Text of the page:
Friday, July 29, 2005

What do you call yourself?

I recently was out visiting developers, some who already used LabVIEW and some who don't, taking input on the LabVIEW Embedded Development Module. One thing that we know is that LabVIEW allows engineers to program a system even though they don't have a computer science degree or haven't spent years learning C or C++. Unfortunately, we don't have a catchy phrase to describe this class of person. In NI's traditional test market, we could call these folks "test engineers" and that was close enough. Yes, some test engineers knew C and some didn't but it didn't require splitting hairs.

But what about the embedded programming market? You can't currently program an embedded system unless you know C or C++. There's nothing else to use except for a tiny bit of Java and some oldschool ADA or assembly folks. Everyone could probably be defined as a Computer Scientist.

So who is LabVIEW enabling? We have taken to calling the folks that the LabVIEW Embedded Development Module enables "domain experts". After all, they have a lot of valuable knowledge (expertise), even though it isn't in C programming. They have expertise in their domain, be it control theory, biology, mechanics, chemistry, signal processing, whatever. Unfortunately, this term doesn't seem to be understood generally. One person said to me "I saw the word 'domain' and thought you meant the Internet". Hmm, not quite what we had in mind. Other suggestions have been "System Architect" though I'm not sure if that resonates. LabVIEW allows people with big picture knowledge to implement the system but we do expect the person to know some low level details of how the thing actually does work. "Application programmers" in my opinion would be assumed to be computer scientists. "Signal processing" engineers certainly like LabVIEW but that's too narrow.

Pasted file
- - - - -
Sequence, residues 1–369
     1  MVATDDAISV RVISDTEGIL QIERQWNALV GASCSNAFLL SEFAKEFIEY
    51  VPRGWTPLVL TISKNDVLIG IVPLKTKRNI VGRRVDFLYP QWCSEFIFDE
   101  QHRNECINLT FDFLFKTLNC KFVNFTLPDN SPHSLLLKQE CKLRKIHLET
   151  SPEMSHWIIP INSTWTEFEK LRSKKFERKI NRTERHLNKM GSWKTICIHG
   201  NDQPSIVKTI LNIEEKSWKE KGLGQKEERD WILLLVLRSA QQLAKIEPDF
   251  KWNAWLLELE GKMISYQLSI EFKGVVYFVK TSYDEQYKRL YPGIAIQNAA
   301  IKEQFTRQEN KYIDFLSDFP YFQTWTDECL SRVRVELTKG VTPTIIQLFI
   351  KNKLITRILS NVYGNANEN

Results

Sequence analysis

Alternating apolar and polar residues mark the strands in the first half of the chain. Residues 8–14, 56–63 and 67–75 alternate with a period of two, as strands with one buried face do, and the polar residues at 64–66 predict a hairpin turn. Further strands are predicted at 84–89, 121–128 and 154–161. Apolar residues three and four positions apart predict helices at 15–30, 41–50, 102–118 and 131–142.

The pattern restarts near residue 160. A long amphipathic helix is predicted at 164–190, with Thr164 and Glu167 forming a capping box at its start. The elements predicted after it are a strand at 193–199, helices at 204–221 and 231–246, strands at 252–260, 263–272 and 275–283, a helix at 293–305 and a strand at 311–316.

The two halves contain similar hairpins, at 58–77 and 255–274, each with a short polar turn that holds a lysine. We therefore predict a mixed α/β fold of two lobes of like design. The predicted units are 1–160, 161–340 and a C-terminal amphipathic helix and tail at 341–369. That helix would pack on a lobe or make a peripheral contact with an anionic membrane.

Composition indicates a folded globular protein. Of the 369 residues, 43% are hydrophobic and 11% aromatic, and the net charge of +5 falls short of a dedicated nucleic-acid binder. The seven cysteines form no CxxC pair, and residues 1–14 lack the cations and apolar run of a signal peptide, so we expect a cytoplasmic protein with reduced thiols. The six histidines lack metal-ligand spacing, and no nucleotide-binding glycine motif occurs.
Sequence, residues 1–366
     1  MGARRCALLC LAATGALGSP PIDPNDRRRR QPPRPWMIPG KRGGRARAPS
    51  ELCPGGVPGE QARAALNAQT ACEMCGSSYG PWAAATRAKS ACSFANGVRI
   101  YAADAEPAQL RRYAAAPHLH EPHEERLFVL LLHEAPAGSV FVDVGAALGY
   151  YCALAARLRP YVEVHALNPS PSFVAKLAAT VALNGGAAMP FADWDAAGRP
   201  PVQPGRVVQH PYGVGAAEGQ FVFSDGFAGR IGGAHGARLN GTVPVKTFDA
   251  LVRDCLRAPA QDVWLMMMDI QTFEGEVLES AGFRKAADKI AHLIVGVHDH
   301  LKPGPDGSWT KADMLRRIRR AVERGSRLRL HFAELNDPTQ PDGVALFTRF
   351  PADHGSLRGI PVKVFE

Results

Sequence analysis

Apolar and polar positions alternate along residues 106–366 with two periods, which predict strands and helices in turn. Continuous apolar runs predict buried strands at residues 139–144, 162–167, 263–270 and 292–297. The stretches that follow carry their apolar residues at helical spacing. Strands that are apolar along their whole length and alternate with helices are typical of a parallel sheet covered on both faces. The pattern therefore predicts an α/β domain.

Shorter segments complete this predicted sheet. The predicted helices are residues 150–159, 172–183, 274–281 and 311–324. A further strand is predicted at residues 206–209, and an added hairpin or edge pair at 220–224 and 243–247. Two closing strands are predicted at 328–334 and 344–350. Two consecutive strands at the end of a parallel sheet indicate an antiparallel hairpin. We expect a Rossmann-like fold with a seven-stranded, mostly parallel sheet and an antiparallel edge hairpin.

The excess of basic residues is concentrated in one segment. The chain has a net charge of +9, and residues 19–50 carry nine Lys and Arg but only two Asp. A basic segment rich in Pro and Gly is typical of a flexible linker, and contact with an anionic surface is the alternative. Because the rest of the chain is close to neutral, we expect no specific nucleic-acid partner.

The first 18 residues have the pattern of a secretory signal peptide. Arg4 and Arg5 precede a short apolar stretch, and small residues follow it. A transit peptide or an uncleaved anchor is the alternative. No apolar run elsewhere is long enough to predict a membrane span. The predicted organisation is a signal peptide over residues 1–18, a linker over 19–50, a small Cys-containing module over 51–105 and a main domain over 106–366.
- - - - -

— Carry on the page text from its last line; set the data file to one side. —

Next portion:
So, what do you call yourself? If I called you a "domain expert", would the label fit? Would you be offended? Does it sound too grand? Not grand enough?


At 9:29 PM, Anonymous Reinis Kanders said...

Sounds pretty good to me. Domain expertise is pretty important for people who use LabVIEW. I have done some apps for manufacturing/test people and it is way harder then for R&D people because you have to take care of the last 20%.

At 4:16 PM, Anonymous Tim Bates said...

So, this is for "engineers to program a system even though they don't have a computer science degree /years learning C"

What about just "Engineer"? It includes anyone who wants in and is inviting.

LabVIEW: Lets you engineer what you know, because we do the stuff you shouldn't have to know about.

At 7:49 PM, Anonymous Anonymous said...

I have struggled over this myself. "Engineer" is my title, but does not adequately reflect what I do. "System Architect" is what I use to describe my role.

At 9:07 AM, Anonymous Anonymous said...

Domain expertise seems to "internetish" for me. I would suggest "G automation engineer". The G for G programming, and the automation portion wether DSP, testing, or data collection. The process/system will be done with the computer doing more of the work.

At 12:24 AM, Blogger Knut E.S. said...

An engineer that is using LabVIEW to do his engineering work must be a "G-engineer" ?!

At 1:13 AM, Anonymous Anonymous said...

Subject expert?
Technical expert?


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